With gun salutes firing, air echelon flying, armed formation parading, China was celebrating its 70th anniversary at the Tiananmen Square in Beijing.
In New Zealand yesterday, Chinese people gathered to watch the grand national day parade, while the tension in Hong Kong was unrelenting.
Aucklander Ivy Lin's company gathered its Chinese employees to watch the live stream of China's national day parade at their office in Ellerslie.
Ms Lin said it was a moment full of emotions when she heard China's national anthem.
"When I heard that - it's very cheerful and I was tearful," she said.
Ms Lin, who moved to Auckland five years ago, said she remembered the parade 20 years ago in 1999 when she was still in primary school, and the difference was huge.
She said the more advanced military equipment reminded her of improvements in economy, the quality of life.
Her boss Gu Chenxi, who came from China to New Zealand 20 years ago, said the parade made him proud to be Chinese.
"I feel like I'm sitting on a big boat that is on very big waves. I feel very excited. I have been overseas for a long time, but my heart is also connected with the motherland," he said.
Mr Gu hoped New Zealand took more advantage of what China had to offer.
"I wish this great country [China] can bring us more opportunities and build a better relationship with New Zealand," he said.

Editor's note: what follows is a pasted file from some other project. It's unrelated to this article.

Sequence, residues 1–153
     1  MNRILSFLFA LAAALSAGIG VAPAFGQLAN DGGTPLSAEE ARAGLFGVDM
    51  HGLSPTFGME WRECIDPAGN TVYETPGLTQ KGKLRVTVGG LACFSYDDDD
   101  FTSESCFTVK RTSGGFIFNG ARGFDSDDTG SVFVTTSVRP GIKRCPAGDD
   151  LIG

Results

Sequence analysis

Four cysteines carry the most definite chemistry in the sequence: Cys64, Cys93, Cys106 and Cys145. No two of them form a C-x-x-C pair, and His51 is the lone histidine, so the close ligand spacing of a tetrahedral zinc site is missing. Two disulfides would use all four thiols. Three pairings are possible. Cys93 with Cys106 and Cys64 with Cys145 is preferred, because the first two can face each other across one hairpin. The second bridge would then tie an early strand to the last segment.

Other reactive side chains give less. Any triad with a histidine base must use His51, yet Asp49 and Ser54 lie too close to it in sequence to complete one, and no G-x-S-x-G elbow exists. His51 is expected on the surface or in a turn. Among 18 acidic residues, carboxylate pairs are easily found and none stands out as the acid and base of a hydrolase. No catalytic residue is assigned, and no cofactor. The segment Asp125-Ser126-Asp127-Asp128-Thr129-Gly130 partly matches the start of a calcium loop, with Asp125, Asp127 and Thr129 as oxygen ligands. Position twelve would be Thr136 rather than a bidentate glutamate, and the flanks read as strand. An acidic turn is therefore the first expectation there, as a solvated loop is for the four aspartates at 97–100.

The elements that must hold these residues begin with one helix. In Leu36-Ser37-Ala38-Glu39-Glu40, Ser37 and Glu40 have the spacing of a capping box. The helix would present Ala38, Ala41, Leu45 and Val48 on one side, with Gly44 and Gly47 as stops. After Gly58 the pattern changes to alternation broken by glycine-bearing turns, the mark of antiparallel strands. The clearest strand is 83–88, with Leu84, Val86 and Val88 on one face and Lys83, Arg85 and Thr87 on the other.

Dave Bromwich, president of the New Zealand China Friendship Society, has just received a friendship award from the Chinese government and was in Beijing for the national day celebration.
"Across Tiananmen Square it was full of people on tiered seating and seeing the flags waving was quite spectacle. They're very enthusiastic. The military parades retained their serious dignity, but the civilian parades were very bouncy and ecstatic," he said.
Mr Bromwich, who lived in China on-and-off for nine years, said the feeling among locals and foreigners alike was one of pride.
"I think everybody was really proud of China, including we foreigners who have spent some time here. We're proud of what's happening in China, looking at the 70 years of history, the development and considering the future."
The celebration of 70 years of Communist Party rule took place as pro-democracy protests continued in Hong Kong.
Facebook group We Are Hong Konger organised an anti-totalitarianism rally in Auckland's Aotea Square on 29 September.
Its spokesperson, who didn't want to be named, said it's normal for people to celebrate the establishment of their country, but "Hong Kong people are suffering from oppression and violence from China".
"Our government uses mobs and triads to attack pro-democracy citizens and youngsters. The totalitarian rule of China is rejecting our freedom and rights promised under the principle of 'one country, two systems' and oppressing us with every possible means in the hope that we will finally bend our knees."
It was nearly four months since Hong Kong people took to the streets to protest a controversial extradition bill and what they saw as China's ever tightening grip on the island.